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Germany

Express train stops in tunnel, stranding over 400 passengers

More than 400 passengers were stuck in a tunnel in southwestern Germany for over three hours, after an express train broke down with engine damage. The on-board air conditioning also failed, causing minor health scares.

A close-up shot of a clock at a German train station.

The breakdown cost 420 passengers over three hours

An express train from Berlin to Munich ground to a halt close to Stuttgart on Sunday, after suffering engine failure.

The 420 passengers on board were stranded in a tunnel near Vaihingen an der Enz in the southwestern state of Baden-Wuerttemberg for over three hours without air conditioning.

One was later hospitalized and three more required minor medical treatment because of the rising temperatures on board.

The Inter City Express (ICE) train stopped because of a problem with the engine, which also powers the climate control systems. However, batteries continued to power the lights, toilets and door switches during the lengthy delay.

Plan B

German rail operator Deutsche Bahn first tried to solve the problem by sending a locomotive to tow the stranded train to its next stop in Stuttgart.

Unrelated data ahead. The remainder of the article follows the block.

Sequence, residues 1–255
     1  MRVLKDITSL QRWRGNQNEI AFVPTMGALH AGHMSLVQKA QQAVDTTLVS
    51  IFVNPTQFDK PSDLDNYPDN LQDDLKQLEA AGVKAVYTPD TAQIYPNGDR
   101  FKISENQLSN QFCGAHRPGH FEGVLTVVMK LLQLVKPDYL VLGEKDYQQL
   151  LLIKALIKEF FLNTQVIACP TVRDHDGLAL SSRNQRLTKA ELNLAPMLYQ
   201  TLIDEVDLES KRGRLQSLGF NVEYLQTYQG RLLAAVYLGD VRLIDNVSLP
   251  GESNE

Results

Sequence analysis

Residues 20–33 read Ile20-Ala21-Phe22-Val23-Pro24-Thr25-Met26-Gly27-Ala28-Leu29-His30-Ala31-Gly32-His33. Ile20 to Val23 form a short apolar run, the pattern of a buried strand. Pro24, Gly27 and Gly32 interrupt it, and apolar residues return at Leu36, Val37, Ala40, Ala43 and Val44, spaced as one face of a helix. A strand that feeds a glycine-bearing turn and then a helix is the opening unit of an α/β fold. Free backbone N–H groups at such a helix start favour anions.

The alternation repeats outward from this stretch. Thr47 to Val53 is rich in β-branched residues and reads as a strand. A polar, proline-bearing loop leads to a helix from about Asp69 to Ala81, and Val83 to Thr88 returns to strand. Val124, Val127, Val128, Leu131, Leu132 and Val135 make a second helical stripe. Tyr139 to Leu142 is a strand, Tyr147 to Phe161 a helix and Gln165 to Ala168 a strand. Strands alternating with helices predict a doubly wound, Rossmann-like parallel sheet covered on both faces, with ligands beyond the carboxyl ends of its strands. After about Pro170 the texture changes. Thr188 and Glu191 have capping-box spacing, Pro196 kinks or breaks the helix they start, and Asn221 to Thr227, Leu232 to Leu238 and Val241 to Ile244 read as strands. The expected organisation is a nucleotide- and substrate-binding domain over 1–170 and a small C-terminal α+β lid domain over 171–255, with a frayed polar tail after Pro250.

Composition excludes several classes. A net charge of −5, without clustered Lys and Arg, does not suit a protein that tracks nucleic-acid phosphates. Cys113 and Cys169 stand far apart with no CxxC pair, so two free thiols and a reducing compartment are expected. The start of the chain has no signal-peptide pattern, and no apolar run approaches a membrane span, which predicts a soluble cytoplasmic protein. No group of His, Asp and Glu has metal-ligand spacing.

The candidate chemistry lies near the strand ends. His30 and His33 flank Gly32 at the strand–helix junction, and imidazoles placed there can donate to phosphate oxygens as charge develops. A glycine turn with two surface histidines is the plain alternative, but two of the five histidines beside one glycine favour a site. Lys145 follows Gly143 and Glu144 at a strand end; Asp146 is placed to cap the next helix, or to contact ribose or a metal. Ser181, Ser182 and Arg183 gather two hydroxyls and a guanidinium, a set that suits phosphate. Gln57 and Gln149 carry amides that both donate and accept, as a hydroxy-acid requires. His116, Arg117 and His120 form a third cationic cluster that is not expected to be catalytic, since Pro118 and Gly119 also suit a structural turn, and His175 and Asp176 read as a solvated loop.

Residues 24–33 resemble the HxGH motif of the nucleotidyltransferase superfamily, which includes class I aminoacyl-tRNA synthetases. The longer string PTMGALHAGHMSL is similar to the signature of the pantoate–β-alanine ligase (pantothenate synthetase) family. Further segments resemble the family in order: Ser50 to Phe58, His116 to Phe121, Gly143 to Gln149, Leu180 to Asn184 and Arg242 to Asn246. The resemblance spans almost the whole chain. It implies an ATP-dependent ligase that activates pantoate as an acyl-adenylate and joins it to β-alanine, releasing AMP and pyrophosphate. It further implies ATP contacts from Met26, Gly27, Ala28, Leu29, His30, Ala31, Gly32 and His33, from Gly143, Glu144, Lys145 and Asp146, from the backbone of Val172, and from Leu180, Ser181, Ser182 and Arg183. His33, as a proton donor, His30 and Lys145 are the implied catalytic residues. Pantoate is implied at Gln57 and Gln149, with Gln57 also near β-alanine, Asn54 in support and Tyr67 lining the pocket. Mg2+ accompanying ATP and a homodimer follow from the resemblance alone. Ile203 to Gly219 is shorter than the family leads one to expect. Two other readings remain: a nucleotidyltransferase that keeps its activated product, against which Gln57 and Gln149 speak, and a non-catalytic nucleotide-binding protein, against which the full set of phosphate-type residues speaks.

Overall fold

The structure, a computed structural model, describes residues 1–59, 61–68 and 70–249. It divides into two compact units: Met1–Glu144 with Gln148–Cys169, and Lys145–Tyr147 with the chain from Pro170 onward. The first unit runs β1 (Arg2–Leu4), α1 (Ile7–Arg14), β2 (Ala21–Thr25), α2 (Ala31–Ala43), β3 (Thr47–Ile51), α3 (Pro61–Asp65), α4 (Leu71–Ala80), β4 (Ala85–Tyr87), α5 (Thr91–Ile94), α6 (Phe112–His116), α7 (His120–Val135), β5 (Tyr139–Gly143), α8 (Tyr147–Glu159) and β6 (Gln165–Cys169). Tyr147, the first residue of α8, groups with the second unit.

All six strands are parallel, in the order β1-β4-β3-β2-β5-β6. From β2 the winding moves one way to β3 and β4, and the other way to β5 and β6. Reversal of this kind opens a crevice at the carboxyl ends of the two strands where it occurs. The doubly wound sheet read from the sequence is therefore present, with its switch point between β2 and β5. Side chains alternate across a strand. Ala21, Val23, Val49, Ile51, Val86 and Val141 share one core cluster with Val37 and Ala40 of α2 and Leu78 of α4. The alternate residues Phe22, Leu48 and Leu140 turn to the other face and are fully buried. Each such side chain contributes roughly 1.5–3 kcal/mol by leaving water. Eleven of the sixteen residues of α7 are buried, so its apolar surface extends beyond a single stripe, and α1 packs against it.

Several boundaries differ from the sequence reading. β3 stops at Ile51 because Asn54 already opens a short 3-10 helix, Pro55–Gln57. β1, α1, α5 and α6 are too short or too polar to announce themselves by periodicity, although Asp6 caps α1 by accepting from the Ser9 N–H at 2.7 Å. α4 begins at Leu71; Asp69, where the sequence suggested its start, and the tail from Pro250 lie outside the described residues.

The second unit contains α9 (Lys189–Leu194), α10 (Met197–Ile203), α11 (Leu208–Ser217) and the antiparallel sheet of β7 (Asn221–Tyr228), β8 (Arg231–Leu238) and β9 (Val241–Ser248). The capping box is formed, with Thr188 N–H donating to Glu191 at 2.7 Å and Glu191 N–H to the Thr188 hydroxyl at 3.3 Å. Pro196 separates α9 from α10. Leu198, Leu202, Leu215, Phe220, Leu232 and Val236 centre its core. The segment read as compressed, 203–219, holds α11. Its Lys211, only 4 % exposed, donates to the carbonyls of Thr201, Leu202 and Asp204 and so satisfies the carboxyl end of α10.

An ICE train in service with the sun setting behind it.

The German rail service has endured a trying summer

However, when this attempt failed, a replacement was sent instead, and passengers eventually switched trains inside the tunnel. A Deutsche Bahn spokesman said the train stopped at around 1 p.m., with the replacement eventually arriving at 4:30 p.m. Critics said the prolonged wait showed that the German railway service lacks the capacity to deal with unexpected problems.

"If it's too much to ask of Deutsche Bahn to tow away one stranded ICE in a case like this," regional head of the train passengers association Pro-Bahn, Stefan Buhl said, "then it's difficult to imagine what might happen in a genuine catastrophe."

The breakdown forced Deutsche Bahn to close the line in both directions for the entire time period – diverting other services onto an older, slower line, delaying them by roughly quarter of an hour.

Deutsche Bahn is legally obliged to pay back half the cost of the ticket to any passengers whose trains are delayed by two hours or more.

It's been a difficult summer for the German railway operator, which made the headlines during a July heat-wave when the air conditioning systems failed on three ICE trains and 44 passengers collapsed in the heat.

Author: Mark Hallam (AFP/apn/dpa)
Editor: Chuck Penfold

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